Ever since the Atkins Low-carb, high-fat diet exploded on the American scene, carbohydrates have been labeled as bad. Unfortunately, this is only half true and has led to lots of confusion among the public.
Indeed, while some carbs are bad, others are good and should be the core of a healthy diet. But, how can you tell the good carbs from the bad?
Before making that distinction, it’s important to understand that all carbs, good and bad, are comprised of various types of sugar, and that can be confusing. The key is how the sugar is packaged and presented to the body.
What is the difference between good carbs and bad carbs?
The first distinction is good carbs contain naturally occurring sugars like those found in fruits, vegetables, and whole grains. Bad carbs, on the other hand, are the sugars “added” to processed foods and soft drinks, and dumped into your coffee or tea.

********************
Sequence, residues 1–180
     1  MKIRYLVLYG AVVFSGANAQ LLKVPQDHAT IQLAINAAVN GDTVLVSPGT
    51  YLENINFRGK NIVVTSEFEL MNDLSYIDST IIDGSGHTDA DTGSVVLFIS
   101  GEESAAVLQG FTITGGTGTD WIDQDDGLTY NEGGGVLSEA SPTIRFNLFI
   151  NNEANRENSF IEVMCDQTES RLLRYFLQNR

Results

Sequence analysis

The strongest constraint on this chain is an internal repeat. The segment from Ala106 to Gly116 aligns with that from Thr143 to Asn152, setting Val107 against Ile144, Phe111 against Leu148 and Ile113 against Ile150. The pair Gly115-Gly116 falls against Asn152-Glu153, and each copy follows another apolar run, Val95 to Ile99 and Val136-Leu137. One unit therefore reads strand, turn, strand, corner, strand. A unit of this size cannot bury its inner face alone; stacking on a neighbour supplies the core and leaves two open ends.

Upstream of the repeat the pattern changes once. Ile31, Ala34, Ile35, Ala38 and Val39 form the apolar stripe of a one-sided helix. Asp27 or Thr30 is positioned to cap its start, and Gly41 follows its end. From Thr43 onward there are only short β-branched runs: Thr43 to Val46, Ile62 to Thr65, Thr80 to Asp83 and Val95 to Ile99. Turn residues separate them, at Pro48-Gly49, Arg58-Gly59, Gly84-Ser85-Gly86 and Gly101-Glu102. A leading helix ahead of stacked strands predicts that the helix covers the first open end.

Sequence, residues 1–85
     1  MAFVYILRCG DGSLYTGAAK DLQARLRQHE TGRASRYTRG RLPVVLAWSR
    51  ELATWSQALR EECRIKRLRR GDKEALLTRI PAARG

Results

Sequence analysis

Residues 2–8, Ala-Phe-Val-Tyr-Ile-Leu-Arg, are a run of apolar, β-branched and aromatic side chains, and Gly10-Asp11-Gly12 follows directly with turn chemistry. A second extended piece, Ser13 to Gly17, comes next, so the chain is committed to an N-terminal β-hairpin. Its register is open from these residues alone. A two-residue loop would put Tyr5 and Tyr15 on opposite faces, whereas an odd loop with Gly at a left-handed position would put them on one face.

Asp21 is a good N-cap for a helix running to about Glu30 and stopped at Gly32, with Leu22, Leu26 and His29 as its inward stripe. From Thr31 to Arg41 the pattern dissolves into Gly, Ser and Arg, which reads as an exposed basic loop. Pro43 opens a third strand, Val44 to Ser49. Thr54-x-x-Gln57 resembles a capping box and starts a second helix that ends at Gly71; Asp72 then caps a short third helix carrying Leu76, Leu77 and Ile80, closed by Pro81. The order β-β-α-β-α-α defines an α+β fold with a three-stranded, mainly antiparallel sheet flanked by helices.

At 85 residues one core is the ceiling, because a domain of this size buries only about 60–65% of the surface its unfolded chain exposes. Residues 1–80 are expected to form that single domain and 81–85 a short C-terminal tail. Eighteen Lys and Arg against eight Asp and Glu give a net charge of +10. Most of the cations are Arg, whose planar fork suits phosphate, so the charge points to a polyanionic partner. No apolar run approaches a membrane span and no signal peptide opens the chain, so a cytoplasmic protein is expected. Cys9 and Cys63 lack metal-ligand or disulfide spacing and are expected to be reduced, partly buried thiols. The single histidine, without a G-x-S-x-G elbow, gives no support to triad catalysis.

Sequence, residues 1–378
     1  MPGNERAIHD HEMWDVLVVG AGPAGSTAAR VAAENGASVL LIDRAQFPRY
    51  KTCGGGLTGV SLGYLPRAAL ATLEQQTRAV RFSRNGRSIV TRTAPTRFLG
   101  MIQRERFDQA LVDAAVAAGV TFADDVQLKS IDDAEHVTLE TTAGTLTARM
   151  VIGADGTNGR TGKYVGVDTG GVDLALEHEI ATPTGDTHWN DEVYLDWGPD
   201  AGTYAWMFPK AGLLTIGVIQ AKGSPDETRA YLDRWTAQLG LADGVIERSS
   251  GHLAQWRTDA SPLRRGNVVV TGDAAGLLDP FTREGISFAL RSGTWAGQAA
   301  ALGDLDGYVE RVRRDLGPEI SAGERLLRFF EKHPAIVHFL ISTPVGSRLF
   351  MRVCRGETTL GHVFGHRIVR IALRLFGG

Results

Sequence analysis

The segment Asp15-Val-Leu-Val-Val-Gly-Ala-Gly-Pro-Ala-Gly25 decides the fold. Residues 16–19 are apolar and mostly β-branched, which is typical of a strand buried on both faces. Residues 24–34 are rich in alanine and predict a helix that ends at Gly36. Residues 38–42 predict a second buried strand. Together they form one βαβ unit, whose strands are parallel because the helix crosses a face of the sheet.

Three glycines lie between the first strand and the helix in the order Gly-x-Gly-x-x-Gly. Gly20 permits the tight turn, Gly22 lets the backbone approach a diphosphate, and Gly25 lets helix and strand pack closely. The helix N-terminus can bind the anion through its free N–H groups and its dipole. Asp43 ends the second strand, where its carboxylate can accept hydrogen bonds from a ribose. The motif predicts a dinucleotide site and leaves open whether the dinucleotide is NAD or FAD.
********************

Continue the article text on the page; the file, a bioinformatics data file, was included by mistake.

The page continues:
A second distinction is good carbs are “complex,” meaning the sugars are part of a more complex configuration that includes fiber which cannot be broken down in the human digestive system. This slows the process and that’s good because the sugars in good carbs enter the bloodstream slowly, in a “time-release” fashion. This is important because a slow release of sugar dampens the insulin response. (When blood sugar enters the cells, and levels in the bloodstream decrease, insulin decreases, too.)